Yes, it was very hard. I loved my work and I didn’t want to leave, but I didn’t say that to Joe. I felt, hey, I’m a wife and mother too.

Knott

Was there a going away party for you?

Frackleton

Oh, yes. Pier 4 and it was funny. The Senator gave quite a speech and included my husband in his speech. Joe was anything but liberal. [laughs] He should have been a Republican. The Senator was imitating him and this staunch liberal here, and Joe got a big kick out of it. He and the Senator got along great. But yes, it was Pier 4 and I forget what it was that they served. It might have been chicken, turkey, I don’t know, but the Senator was indignant. Why aren’t they serving steak? This is the place for steak!

I forget who was in charge of that. All the guys, Don and Charlie and everybody worked on it, but he wanted to know where his steak was. It was by invitation only. Judge Garrity might have been there, but I know Judge Dave Mazzone was. Dave—not only being the Senator’s first judicial appointment but Dave was a personal friend of mine. We grew up in the same town. In fact, his back porch and my husband’s back porch when they were kids lined up to each other. So I was so pleased for Dave. Dave had an inkling that he was being considered. He used to say, Come on, Mary, tell me, tell me. I said, He doesn’t tell me.

Knott

He was being considered for—?

Frackleton

The Judgeship. That was the Senator’s first appointment, Steve Breyer, and eventually a few more. But Dave would say, Oh come on, tell me, tell me. So that morning I escorted him in to the Senator and the Senator says, Yes, I’m nominating you, and he was so thrilled. He was, And every time I mentioned it, she wouldn’t tell me. She wouldn’t tell me.

Knott

You mentioned judges again. I meant to ask you this earlier. Did you know Francis Morrissey?

Frackleton

Judge Morrissey was there when I went to work at 122 Bowdoin Street.

Knott

The Senator got into kind of a tangle over that in terms of his nomination to be a judge.

Frackleton

I remember that. The Ambassador [Joseph Kennedy] wanted it. Have you talked to anyone on that?

Knott

Not yet, no.

Frackleton

Whom are you going to talk to?

Knott

You’re one of our earliest. So far we’ve talked to Eddie Martin, John Culver, whose eyesight is not great. He has macular degeneration so he has a very difficult time reading. But we interviewed John Kenneth Galbraith, who is 96. We interviewed Sam Beer, who is either 91 or 93. We’ve done five or six rounds of interviews with Senator Kennedy and many more to go. In the coming week we’ve got Barbara Souliotis and George Lodge, who ran against Kennedy in ’62. Dun Gifford, whose wife is named Pebbles. A man named Charles Haar, who was a professor at Harvard and one of the first academics to come up.

We decided to start off with Kennedy’s Massachusetts base, more or less, and so next month we’ll be talking to Charlie Tretter, Don Dowd, Gene Dellea, Bob Healy from the Boston Globe, and Vicki Reggie’s parents, who are summering at the Cape. So we’re very much in the early phases here, but we have a list of names that is easily over 300 people now. It’s unlikely we’ll get to interview all of them, but hopefully half.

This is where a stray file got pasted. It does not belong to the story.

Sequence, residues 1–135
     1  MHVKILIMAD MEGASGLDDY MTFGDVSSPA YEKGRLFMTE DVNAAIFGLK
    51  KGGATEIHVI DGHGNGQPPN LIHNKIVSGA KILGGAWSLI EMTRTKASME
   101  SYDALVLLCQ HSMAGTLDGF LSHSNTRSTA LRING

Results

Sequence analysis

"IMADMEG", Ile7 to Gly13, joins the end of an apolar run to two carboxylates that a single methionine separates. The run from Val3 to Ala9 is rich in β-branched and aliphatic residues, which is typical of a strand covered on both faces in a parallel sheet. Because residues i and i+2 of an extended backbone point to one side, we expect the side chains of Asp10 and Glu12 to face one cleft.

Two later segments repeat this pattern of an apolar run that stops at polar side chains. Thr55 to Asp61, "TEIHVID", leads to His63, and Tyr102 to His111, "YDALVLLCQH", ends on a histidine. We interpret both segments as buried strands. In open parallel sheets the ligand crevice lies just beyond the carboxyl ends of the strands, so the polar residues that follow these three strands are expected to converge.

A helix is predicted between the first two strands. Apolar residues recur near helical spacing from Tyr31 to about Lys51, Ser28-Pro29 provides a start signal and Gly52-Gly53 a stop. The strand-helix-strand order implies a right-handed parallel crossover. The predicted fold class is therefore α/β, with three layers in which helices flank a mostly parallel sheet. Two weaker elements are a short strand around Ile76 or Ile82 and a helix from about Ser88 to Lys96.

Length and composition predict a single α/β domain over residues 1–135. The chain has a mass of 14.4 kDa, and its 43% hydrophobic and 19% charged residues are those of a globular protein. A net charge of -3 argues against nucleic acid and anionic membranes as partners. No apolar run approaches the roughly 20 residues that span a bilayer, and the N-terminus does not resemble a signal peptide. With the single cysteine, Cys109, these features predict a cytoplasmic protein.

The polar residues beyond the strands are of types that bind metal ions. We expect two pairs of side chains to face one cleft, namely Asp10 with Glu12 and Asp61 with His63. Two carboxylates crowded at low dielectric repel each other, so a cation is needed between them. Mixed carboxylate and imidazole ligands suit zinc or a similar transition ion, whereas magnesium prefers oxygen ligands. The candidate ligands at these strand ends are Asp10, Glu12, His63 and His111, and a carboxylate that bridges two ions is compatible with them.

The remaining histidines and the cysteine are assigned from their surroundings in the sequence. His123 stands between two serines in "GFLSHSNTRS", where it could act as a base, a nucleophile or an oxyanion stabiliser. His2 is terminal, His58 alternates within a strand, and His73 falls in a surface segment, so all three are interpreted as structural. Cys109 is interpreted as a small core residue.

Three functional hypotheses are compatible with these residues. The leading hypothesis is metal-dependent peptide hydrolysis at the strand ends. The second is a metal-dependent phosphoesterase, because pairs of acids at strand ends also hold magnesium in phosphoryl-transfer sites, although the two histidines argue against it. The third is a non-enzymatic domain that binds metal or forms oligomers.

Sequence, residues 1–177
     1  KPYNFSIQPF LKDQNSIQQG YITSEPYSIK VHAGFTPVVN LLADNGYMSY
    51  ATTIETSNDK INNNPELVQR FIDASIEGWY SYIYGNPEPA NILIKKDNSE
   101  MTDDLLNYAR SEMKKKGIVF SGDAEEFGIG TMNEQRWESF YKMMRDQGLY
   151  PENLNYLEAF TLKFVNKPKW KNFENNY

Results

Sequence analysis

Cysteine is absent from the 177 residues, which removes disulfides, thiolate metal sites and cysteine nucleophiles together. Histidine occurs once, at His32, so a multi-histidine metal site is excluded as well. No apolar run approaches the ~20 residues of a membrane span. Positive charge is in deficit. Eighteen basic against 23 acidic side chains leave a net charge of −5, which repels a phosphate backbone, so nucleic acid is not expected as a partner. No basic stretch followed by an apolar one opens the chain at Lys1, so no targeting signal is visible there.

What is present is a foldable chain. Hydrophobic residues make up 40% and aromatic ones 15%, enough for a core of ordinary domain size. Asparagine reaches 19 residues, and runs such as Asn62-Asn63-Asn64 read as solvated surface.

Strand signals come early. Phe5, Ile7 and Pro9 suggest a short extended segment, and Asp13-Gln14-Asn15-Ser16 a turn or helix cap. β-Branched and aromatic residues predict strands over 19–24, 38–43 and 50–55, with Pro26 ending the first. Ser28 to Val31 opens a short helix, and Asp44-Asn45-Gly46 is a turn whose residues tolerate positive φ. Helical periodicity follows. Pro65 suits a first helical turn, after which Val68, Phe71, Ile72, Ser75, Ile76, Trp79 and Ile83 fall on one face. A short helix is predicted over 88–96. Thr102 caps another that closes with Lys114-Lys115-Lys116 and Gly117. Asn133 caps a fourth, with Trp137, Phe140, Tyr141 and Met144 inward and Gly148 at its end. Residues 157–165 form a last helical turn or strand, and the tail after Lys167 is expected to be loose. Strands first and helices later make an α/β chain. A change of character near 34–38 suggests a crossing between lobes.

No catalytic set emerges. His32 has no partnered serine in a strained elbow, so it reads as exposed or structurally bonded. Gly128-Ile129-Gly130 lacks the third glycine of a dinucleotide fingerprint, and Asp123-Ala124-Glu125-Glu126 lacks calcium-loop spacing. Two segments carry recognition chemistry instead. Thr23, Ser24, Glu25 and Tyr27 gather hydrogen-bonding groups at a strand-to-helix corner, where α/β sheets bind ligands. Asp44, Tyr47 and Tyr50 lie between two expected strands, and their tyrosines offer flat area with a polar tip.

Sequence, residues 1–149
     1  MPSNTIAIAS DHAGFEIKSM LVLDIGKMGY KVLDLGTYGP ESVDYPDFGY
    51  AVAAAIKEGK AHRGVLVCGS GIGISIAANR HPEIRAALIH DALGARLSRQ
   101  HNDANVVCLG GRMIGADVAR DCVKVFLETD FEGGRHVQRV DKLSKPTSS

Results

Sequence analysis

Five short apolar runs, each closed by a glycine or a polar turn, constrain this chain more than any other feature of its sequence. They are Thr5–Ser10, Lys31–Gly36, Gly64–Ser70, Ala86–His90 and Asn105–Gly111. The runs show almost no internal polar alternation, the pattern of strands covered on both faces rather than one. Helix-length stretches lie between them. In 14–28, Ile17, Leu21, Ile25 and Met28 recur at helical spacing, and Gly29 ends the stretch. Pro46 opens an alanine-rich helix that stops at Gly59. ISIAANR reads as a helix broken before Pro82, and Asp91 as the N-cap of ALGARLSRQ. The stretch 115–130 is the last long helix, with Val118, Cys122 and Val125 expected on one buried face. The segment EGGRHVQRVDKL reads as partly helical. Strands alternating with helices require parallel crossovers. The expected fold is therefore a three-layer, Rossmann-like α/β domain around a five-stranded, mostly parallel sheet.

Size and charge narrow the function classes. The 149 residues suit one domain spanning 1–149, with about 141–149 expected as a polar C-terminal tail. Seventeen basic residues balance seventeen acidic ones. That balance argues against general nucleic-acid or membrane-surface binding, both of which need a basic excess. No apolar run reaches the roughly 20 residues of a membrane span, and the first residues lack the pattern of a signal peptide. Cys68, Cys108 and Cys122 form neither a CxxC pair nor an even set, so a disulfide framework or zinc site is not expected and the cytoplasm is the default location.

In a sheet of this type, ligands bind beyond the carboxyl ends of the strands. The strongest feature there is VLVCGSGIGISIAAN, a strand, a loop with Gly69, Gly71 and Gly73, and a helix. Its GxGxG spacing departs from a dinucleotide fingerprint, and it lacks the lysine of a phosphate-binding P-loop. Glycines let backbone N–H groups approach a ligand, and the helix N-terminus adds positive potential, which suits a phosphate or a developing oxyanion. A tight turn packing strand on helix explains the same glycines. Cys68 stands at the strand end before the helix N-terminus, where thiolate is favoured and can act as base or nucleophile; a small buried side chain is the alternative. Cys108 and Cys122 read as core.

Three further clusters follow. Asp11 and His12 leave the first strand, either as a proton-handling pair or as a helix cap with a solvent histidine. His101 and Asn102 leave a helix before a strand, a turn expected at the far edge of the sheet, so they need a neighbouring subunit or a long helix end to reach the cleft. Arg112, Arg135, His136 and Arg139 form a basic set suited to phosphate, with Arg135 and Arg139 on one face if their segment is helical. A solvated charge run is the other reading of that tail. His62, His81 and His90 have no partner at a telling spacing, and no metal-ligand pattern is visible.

Frackleton

Is Judge Morrissey still alive?

Knott

I think he still is. Whether he will talk to us or not, we’re not sure. We’ll have to find out, but we will approach him.

Frackleton

I haven’t seen Judge Morrissey for a long time, but he loved to talk. Okay, do you want to know what I—?

Knott

If you’d be willing, yes.

Frackleton

Well, poor Judge Morrissey. He’s such a busy little bee. We were devastated that the Senator was trying to help with his nomination to be a federal judge. He was doing it for his father. When he thought he was going to be the big federal judge, he came into our office and started ordering people around. I’d tell the staff not to pay attention to him. But the poor guy, he just couldn’t help it. He thought he was a big wheel. 

Grace Burke, who handled our immigration coursework, was a carryover from the John F. Kennedy Senate staff—she was not fond of him. Grace is gone now but she felt that Judge Morrissey’s chief assignment was to report back to the Ambassador everything that Senator John F. Kennedy was doing as well as what Senator Edward M. Kennedy was doing. We didn’t trust him. He was pushy and often obnoxious. The Senator knew we couldn’t stand him. He was not a favorite of anyone that I know.

Knott

I suppose it was a relief when the nomination died?

Frackleton

Yes.

Knott

Was there an aspect of your job that you particularly enjoyed and, perhaps, an aspect of your job that you did not particularly like?

Frackleton

I loved my job. I loved every part of it. If there was something I didn’t like it was, perhaps, the expectations of the rest of the family. We had to cater to Judge Morrissey because of the Ambassador. We never called him Mr. Kennedy. It was always the Ambassador. I finally said, This is a Senate office and we cannot keep on doing this for the family.

Knott

Did that change things?

Frackleton